St Augustine of AfricaBe particularly mindful of the poor, so that what you take from yourself by living sparingly you may lay away in heavenly treasures.

Let the needy Christ receive that of which the fasting Christian deprives himself.

Let the self-restraint of the willing soul be the sustenance of the one in need.

Let the voluntary neediness of the one possessing an abundance become the necessary abundance of the one in need.

Let there be a merciful readiness to forgive in a conciliatory and humble soul. Let him who has done wrong seek pardon and let him who suffered the wrong give pardon, so that we may not be possessed by Satan who gloats over the disagreements of Christians.

For this is a very profitable way of giving alms, namely, to cancel the debt of one’s fellow servant so that one’s own debt may be cancelled by the Lord.

The heavenly Master commended both deeds as good when He said: ‘Forgive, and you shall be forgiven; give, and it shall be given to you’ (Luke 6:37-38).

Recall how that servant, whose entire debt had been cancelled by his master, received a double punishment because he did not show to a fellow servant owing him a hundred denarii the same mercy which he had received in regard to his debt of 10,000 talents (cf. Matthew 18:26-35).

In this kind of good work, where good will is the sole requisite, there is no excuse possible. Someone may say: ‘I cannot fast without upsetting my stomach.’

He may even say: ‘I wish to give to the poor, but I do not have the means to do so,’ or ‘I have so little that I run the risk of being in need myself if I give to others.’

Even in these matters men sometimes make false excuses for themselves, because they do not find true ones.

Nevertheless, who is there who would say: ‘I did not pardon the one seeking forgiveness from me because ill health prevented me,’ or ‘because I had not a hand with which to embrace him’?

Forgive, that you may be forgiven (cf. Luke 6:37). Here there is no work of the body; no member of the body is lifted up to help a soul, so that what is asked may be granted.

All is done by the will; all is accomplished by the will. Act without anxiety; give without anxiety. You will experience no physical indisposition; you will have nothing less in your home.

Now in truth, my brethren, see what an evil it is that he who has been commanded to love even his enemy does not pardon a penitent brother.

Since this is so and since it is written in the Scriptures; ‘Do not let the sun go down upon your anger’ (Ephesians 4:26), consider my dear brethren, whether he ought to be called a Christian who, at least in these days, does not wish to put an end to enmities which he should never have indulged.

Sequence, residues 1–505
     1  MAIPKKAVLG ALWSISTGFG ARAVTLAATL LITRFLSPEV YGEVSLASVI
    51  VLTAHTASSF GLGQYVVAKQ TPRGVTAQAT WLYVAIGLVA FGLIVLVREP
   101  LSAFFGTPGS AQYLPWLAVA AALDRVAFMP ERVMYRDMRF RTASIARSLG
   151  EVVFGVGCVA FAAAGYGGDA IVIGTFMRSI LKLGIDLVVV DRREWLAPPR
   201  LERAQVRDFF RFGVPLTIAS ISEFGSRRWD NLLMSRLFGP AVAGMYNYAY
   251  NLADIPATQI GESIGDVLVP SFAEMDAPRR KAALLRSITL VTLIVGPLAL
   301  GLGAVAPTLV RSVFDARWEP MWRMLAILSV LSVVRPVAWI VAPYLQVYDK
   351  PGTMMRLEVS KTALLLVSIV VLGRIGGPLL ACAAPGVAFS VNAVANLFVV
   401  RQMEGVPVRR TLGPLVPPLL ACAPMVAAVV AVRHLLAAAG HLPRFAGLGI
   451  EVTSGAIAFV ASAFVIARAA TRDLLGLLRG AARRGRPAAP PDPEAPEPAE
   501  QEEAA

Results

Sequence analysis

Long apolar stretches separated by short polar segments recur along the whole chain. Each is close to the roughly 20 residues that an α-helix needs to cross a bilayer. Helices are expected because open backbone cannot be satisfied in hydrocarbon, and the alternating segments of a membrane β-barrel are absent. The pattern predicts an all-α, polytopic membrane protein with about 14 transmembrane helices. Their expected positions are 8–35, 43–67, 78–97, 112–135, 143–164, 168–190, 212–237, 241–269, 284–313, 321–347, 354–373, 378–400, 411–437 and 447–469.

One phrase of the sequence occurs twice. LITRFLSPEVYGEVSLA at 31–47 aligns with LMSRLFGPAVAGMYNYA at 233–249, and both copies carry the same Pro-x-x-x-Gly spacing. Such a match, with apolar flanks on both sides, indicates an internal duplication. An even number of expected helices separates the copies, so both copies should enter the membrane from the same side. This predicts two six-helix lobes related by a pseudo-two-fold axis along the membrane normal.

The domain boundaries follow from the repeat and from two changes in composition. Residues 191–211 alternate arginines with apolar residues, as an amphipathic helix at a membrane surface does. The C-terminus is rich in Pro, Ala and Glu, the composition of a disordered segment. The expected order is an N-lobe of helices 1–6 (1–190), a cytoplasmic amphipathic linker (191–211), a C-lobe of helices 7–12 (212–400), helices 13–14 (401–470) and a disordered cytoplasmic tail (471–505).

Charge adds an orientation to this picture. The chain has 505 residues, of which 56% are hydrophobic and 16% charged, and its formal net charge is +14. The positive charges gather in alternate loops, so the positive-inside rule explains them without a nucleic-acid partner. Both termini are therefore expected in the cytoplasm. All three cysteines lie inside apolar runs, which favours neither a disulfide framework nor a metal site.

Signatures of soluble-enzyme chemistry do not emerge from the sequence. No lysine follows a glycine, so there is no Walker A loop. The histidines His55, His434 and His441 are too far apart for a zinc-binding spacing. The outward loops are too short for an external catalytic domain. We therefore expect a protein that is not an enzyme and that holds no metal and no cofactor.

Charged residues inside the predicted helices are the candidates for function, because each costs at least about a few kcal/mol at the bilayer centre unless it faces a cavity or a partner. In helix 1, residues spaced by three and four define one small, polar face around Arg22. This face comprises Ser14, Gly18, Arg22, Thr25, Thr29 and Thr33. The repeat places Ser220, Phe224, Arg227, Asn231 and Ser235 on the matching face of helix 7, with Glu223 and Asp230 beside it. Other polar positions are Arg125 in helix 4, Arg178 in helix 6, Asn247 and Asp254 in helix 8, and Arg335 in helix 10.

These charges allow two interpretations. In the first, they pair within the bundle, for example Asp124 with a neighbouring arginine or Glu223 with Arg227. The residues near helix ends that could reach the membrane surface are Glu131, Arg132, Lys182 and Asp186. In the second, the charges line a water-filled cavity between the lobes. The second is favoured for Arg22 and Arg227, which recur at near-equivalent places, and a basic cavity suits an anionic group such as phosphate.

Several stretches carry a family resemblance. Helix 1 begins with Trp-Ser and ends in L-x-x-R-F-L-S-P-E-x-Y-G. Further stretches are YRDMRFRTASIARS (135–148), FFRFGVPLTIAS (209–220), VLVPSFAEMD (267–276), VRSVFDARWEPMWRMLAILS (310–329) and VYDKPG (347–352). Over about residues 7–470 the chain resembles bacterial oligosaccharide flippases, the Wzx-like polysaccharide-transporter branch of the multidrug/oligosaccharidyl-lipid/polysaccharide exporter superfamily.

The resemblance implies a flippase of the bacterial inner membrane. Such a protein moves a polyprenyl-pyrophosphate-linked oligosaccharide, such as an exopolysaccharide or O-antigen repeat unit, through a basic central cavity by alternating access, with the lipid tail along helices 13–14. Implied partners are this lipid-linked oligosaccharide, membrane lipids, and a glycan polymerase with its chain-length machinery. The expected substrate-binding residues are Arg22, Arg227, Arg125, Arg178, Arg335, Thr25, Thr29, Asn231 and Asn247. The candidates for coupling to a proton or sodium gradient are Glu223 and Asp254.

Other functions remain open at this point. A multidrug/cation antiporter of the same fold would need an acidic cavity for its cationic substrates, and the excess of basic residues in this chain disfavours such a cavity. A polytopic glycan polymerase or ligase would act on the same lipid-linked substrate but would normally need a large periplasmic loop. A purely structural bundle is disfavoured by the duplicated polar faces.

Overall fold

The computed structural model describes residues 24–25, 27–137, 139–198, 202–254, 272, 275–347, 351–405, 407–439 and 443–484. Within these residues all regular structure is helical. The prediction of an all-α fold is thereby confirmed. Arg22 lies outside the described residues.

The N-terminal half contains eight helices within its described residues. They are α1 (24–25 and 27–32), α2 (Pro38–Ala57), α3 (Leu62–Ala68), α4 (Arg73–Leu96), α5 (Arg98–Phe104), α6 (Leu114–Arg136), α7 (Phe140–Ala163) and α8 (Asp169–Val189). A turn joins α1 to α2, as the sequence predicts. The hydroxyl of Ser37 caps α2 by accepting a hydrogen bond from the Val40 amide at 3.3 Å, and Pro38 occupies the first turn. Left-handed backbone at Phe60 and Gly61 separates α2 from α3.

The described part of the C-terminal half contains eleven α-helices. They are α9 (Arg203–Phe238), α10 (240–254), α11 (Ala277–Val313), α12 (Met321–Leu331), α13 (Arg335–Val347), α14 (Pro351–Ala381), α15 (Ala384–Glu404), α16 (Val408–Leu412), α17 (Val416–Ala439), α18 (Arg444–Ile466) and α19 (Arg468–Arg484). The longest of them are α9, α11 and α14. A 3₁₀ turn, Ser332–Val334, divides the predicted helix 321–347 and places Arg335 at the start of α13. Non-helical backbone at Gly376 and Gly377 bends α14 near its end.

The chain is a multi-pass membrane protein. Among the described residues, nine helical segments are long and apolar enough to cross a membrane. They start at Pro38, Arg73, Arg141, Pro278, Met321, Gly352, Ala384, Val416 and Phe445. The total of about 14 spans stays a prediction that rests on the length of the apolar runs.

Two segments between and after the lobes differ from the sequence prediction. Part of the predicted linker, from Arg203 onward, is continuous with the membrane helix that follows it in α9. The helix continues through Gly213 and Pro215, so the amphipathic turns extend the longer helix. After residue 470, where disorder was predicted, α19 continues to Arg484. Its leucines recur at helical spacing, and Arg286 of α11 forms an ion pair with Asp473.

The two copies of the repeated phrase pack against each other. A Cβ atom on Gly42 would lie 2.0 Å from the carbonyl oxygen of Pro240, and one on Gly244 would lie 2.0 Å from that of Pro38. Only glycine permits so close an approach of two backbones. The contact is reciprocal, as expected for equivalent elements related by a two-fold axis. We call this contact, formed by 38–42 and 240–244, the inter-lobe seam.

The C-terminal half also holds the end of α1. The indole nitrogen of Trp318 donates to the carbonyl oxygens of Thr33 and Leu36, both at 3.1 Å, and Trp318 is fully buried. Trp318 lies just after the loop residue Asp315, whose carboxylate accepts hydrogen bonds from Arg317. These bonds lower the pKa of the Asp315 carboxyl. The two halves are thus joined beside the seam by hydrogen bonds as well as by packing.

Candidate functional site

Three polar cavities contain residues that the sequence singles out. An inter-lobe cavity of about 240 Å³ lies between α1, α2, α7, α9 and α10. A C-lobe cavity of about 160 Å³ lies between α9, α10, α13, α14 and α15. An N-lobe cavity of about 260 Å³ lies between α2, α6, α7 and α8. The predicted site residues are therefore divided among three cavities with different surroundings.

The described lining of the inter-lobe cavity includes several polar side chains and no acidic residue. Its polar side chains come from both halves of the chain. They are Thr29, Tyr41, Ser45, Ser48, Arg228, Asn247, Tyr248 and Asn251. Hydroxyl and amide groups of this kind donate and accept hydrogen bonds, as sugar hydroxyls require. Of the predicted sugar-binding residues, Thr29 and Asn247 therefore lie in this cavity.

Augustine of Hippo (354-430): Homily 210, 10,  from Saint Augustine: Sermons on the Liturgical Seasons, Homilies, translated by Sister Mary Sarah Muldowney, Catholic University of America Press (The Fathers of the Church, vol. 38), pp. 107-8.

Leo the Great: Charity Contains All Other Virtues and Covers a Multitude of Sins Thursday, Apr 3 2014 

leo1In the gospel of John the Lord says: In this will all men know that you are my disciples, if you have love for each other.

In a letter of the same apostle we read: Beloved, let us love one another, for love is from God, and everyone who loves is born of God and knows God; he who does not love does not know God for God is love.

The faithful should therefore enter into themselves and make a true judgment on their attitudes of mind and heart.

If they find some store of love’s fruit in their hearts, they must not doubt God’s presence within them.

If they would increase their capacity to receive so great a guest, they should practice greater generosity in doing good, with persevering charity.

If God is love, charity should know no limit, for God cannot be confined.

Any time is the right time for works of charity, but these days of Lent provide a special encouragement.

Those who want to be present at the Lord’s Passover in holiness of mind and body should seek above all to win this grace, for charity contains all other virtues and covers a multitude of sins.

As we prepare to celebrate that greatest of all mysteries, by which the blood of Jesus Christ did away with our sins, let us first of all make ready the sacrificial offerings of works of mercy.

In this way we shall give to those who have sinned against us what God in his goodness has already given to us.

Let us now extend to the poor and those afflicted in different ways a more open-handed generosity, so that God may be thanked through many voices and the relief of the needy supported by our fasting.

No act of devotion on the part of the faithful gives God more pleasure than that which is lavished on his poor.  Where he finds charity with its loving concern, there he recognizes the reflection of his own fatherly care.

In these acts of giving do not fear a lack of means.  A generous spirit is itself great wealth. There can be no shortage of material for generosity where it is Christ who feeds and Christ who is fed.

In all this activity there is present the hand of him who multiplies the bread by breaking it, and increases it by giving it away.The giver of alms should be free from anxiety and full of joy.  His gain will be greatest when he keeps back least for himself.